In the end, Rutherford nearly runs out of candidates before plumping, somewhat desperately, for one last remaining attribute that he believes defines humanity: our intense social bonding and our desire to share ideas. This is the critical factor that separates Homo sapiens most conclusively from the rest of the animal kingdom, he argues. “Where we stand apart most significantly is in cultural accumulation and transmission. Many animals learn. Only humans teach.”... It is an interesting but scarcely revolutionary conclusion, though this should not detract from a book that is deftly outlined, concisely constructed and filled with intriguing observations and anecdotes. Rutherford is an engaging, witty writer. He is also a concise one. After several vast but worthy tomes about human nature that have been published recently, that makes this pithy homage to our species all the more welcome. An entertaining and blessedly succinct read.
His book sets out to examine ‘what makes us animals and what makes us their paragon’.
Physically, our bodies resemble those of the Homo sapiens who lived in Africa around 200,000 years ago. However, 45,000 years ago, a transition occurred, ‘as we jumped into a state of intellectual sophistication that we see in ourselves today’.As our understanding of the natural world advances, we find animals behaving in ways once considered uniquely human. Rutherford’s fascinating examples of unexpected traits we share with fellow creatures include rats, which suffer regret.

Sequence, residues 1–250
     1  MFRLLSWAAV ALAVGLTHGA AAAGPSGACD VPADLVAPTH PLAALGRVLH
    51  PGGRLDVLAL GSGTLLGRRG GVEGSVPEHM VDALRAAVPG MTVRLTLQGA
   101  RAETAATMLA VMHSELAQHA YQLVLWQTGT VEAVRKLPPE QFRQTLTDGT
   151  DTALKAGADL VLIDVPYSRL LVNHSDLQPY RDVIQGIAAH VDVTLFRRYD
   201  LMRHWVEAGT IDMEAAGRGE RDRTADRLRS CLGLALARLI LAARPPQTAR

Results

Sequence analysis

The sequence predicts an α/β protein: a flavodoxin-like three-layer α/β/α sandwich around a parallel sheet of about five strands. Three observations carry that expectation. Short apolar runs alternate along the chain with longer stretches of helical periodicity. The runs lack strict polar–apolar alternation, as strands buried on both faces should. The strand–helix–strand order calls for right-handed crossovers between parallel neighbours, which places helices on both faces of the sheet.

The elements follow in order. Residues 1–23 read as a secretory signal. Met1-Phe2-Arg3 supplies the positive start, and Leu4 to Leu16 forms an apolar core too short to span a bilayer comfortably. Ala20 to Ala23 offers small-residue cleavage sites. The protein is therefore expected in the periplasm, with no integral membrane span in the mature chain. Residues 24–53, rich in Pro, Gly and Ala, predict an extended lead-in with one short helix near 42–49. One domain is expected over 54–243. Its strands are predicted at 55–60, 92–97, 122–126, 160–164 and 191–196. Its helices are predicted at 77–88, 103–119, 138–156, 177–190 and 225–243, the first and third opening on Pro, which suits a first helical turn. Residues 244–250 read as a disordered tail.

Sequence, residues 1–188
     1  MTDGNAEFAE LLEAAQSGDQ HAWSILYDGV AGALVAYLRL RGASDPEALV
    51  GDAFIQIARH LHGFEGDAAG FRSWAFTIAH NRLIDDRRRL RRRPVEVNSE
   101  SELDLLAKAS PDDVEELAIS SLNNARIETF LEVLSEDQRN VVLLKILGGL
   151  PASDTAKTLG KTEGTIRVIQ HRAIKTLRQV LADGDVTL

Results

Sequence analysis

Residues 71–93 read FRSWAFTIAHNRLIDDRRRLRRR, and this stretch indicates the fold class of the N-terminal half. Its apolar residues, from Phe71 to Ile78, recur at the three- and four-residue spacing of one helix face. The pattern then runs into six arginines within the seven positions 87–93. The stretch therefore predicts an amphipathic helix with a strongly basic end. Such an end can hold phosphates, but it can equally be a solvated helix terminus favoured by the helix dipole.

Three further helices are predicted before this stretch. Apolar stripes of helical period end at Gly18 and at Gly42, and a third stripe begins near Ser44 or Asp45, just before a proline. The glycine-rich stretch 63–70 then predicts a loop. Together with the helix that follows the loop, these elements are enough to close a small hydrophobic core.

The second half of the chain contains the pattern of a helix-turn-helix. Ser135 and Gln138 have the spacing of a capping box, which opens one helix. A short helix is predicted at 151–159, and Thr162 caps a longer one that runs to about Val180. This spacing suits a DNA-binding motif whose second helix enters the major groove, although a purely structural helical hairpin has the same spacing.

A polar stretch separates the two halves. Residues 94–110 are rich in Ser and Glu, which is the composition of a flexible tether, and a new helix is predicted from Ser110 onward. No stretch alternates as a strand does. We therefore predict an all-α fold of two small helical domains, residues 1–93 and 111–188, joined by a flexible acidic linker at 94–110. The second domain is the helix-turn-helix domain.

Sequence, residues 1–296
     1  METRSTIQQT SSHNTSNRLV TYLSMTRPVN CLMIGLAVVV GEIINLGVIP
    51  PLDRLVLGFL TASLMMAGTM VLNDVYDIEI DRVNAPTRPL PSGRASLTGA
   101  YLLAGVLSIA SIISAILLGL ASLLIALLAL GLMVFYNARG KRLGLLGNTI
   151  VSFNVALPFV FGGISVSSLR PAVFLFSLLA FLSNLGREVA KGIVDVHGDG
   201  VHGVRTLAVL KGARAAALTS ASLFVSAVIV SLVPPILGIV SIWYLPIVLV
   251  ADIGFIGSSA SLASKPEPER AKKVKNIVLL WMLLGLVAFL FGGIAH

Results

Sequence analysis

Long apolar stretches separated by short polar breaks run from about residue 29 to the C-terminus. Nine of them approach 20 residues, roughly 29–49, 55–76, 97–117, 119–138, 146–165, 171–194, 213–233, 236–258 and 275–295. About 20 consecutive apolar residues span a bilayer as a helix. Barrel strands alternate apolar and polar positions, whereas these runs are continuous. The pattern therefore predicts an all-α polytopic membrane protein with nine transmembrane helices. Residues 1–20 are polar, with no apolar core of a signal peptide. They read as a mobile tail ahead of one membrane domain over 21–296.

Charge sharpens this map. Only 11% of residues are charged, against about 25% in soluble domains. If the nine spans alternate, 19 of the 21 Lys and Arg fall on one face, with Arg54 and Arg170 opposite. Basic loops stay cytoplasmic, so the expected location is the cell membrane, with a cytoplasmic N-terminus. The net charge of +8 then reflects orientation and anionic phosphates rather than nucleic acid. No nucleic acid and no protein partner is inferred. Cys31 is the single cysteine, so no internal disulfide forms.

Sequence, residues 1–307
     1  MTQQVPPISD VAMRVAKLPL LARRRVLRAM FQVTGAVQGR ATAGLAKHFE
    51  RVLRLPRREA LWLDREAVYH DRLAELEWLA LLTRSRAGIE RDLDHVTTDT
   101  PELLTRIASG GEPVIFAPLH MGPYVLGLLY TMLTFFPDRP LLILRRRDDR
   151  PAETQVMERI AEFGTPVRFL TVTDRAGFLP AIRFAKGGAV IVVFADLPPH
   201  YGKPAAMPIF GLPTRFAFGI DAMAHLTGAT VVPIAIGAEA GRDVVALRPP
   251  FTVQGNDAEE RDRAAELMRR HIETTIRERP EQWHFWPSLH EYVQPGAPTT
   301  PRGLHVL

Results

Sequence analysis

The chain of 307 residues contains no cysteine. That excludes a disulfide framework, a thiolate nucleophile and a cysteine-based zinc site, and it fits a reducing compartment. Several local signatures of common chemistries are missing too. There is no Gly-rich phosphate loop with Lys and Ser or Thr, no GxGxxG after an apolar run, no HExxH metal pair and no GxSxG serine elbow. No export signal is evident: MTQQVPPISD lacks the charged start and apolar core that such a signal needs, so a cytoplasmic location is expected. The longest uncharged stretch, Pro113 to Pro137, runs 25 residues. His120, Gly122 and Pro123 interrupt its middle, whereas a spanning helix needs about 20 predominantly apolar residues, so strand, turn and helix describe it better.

Dr Adam Rutherford, a British geneticist, half Guyanese, a contributor to The Atheist’s Guide to Christmas and a former editor of Nature, is well able to explicate scientific complexities, including the origin and development of man. He writes with intellectual authority and also, as a popular lecturer and broadcaster, expresses himself in a clear and persuasive manner with natural charm. The point of his new book, quite simply, is that ‘Humans are animals’. The genetic code of DNA is universal, he points out, shared with ‘bacteria and bonobos, orchids, oaks, bed bugs, barnacles, triceratops, Tyrannosaurus rex, eagles, egrets, yeast, slime moulds and ceps’. ‘All life on Earth is related by common ancestry, and that includes us.’...